Well, today was much longer than expected. After an early morning breakfast cooked in our hotel room, the family headed out of the hotel, “Took two rights” as dad says, even though that technically just boiled down to leaving the building, then exiting the parking lot through the only entrance and exit.

After some confusion, and a the help of a very patient woman, we got a ticket for the train. We loaded in the subway and traveled to the world trace center. It was a very quick ride, and it was fairly roomy. I was expecting a super crowded, sweaty mess. (That didn’t happen until our ride home)

Getting out of the station, we found ourselves right at the corner of the 9/11 memorial. This is where we spent the majority of our day. It is absolutely crazy how much of the museum is underground. Despite there being two very large holes in the ground to commemorate the fallen towers, there is a giant museum about every single detail of that day. We spent about 4 hours just walking thorough the halls of story after story of individuals who either lost someone, or sought to help others in a time of need. Perhaps the most telling for me was a giant fire truck absolutely crushed to the point where the front was no longer recognizable. Only after going around he truck did I realize that the part I was looking at was actually the rear bumper. There were original steps in which people used to escape the area. In the museum were countless notes, phone recordings, and other documentation of that fateful day. It was very overwhelming, and I will admit that I did have to hold back tears when reading of a father, who lost one of his grown sons in the crash, decided to leave two baseballs at the foot of an iron cross left in the debris. On the ball it read:

“To my little slugger, love dad.”

After finishing the museum portion, there was another room to go into that had a photograph of every single person lost in the crash, and there was a room dedicated to talking about every one of their names, as well as giving them a story. It is true, no one person is forgotten. The monument does an incredible job at making sure that every single person who was lost to us is living on for generations to come.

After a quick bite to eat, the family wanted to go up the new Freedom Tower. I personally am a huge fan of all things Chicago, so obviously a building that tried to be better than the Willis Tower was going to have to fight me. I would personally say the Willis Tower was better, but John and Dad both say that this one is the winner. At $40 a ticket, I was pretty reluctant to go up at all.

Let me rant for a bit here though. I am so sick of having to go through security checks at every single thing we go to. At this point I would be surprised if I didn’t have to have a cavity search before trying to use a port-a-potty. It gets ridiculous when you just want to go into a museum, take a boat ride, or go up an elevator and you have to empty your backpack and take off the layers of clothes you have on because the wind is so cold. When we were going to the statue of liberty, we had to go through two separate checks before going inside the tower. It was just crazy.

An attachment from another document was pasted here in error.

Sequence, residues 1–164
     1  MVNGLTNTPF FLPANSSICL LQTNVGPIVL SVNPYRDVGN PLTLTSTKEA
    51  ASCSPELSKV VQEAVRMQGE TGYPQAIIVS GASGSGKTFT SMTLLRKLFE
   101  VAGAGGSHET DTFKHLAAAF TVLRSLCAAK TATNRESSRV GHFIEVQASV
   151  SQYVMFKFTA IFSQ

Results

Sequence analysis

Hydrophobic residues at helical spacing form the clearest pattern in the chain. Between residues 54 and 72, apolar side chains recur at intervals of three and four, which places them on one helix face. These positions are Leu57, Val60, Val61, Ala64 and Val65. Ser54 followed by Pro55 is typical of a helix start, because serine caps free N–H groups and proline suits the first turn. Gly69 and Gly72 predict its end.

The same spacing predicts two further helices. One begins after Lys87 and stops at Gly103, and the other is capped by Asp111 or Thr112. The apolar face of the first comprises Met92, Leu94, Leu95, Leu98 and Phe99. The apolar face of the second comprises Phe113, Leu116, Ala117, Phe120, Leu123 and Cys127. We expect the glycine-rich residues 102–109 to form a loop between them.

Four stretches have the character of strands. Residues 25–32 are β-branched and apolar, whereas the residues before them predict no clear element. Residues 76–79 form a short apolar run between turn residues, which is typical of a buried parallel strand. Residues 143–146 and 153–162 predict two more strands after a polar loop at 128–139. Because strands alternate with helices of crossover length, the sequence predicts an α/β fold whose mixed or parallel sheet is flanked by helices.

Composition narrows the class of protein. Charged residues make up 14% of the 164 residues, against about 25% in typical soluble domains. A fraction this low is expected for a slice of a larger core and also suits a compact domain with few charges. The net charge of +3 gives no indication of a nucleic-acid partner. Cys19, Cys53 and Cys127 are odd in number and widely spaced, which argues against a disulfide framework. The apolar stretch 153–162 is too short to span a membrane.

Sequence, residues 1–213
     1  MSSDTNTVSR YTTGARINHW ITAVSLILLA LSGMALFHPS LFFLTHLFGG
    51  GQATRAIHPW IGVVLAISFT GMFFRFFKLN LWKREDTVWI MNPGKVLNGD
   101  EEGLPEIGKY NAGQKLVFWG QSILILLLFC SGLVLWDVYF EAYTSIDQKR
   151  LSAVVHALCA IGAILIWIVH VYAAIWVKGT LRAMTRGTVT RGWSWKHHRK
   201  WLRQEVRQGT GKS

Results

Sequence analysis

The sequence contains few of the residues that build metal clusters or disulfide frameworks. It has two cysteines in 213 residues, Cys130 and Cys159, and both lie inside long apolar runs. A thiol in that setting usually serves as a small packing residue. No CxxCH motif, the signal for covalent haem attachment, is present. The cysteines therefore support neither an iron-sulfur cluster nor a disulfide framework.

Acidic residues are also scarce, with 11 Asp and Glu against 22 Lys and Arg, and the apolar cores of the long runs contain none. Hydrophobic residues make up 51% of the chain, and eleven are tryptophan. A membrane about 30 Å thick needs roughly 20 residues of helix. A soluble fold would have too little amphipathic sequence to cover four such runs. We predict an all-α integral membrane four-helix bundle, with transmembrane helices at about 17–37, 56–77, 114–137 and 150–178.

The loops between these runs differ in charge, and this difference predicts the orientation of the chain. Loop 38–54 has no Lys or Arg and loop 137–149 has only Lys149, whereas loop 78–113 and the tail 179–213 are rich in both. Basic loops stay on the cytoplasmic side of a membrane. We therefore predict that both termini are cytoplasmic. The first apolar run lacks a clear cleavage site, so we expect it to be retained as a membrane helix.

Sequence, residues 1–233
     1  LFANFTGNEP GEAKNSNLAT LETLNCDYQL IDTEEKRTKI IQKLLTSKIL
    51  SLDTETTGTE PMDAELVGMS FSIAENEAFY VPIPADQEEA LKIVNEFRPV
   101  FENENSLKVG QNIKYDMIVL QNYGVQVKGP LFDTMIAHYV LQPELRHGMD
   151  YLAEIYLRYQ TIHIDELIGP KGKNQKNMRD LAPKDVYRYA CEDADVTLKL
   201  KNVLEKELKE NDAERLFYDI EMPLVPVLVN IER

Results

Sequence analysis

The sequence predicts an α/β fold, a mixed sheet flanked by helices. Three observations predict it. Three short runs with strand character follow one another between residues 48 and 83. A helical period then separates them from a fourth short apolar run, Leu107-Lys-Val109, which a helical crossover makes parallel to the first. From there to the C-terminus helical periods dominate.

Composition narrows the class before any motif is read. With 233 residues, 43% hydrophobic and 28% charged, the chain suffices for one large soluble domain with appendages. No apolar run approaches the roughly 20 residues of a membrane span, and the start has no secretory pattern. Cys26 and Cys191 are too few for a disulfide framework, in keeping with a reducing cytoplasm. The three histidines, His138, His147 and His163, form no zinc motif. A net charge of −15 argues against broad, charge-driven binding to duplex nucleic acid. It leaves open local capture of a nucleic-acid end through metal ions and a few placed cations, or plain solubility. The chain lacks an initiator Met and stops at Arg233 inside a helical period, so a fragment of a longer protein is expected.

After standing in line for a couple minutes (Which could have been quicker if we only paid a measly $25 more for our tickets) and a very quick elevator ride to the top of the tower, we watched a short film on a wonky projector screen. They lifted up the screen and everyone got a glimpse at an amazing skyline.

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Then the curtains went back down and we had to leave the room. 

I felt gipped. The next room we were in was where they basically just try to get people to rent an Ipad for $15 so you can see the labels of the buildings. I’m not sure why something like this wasn’t included in the super high dollar price tag, but I’m not the one with the big building. This room with the Ipads also had the windows fogged in a way where you couldn’t look out. If you actually wanted to see anything, you had to go down one more floor to the observation room. Finally, we were able to get some photos of the city from above. We ended up spending a good amount of time up here, so maybe it wasn’t all too bad.

Our day continued on a quest to find Wall Street. Another frustrating time navigating through the streets later, we found the original capital building next to the Stock Exchange. At this point we were pretty hungry, so we walked to a nearby pizza place and had a really good pizza. It wasn’t new york style, but I can assure you that this is good pizza anywhere in the world. Still, I will hold that Chicago pizza is the winner, but this one may hold second.

A quick walk to the bull on wall street and look at the park left us all fairly tired. We got back on the subway, which was much more crowded this time, and came back to the hotel. Everyone had a cup of tea and watched that movie about the great wall of China staring Mat Damon. I’m sure all of our legs are wet noodles at this point, but we still have a few more days to go!

I am actually the most excited for tomorrow. We are going to be visiting B&H Photo Video, an absolutely astonishing company that supplies much of entertainments needs. The company sells everything between cameras and full cinematic projectors. If you need anything to record or put on a show, they are the pace to buy your gear. Needless to say, my love for headphones and camera gear is going to make me nerd out to the point where I won’t want to leave.

My personal goal is to find a personal portable recording device so I can do my own audio work in the future.

 

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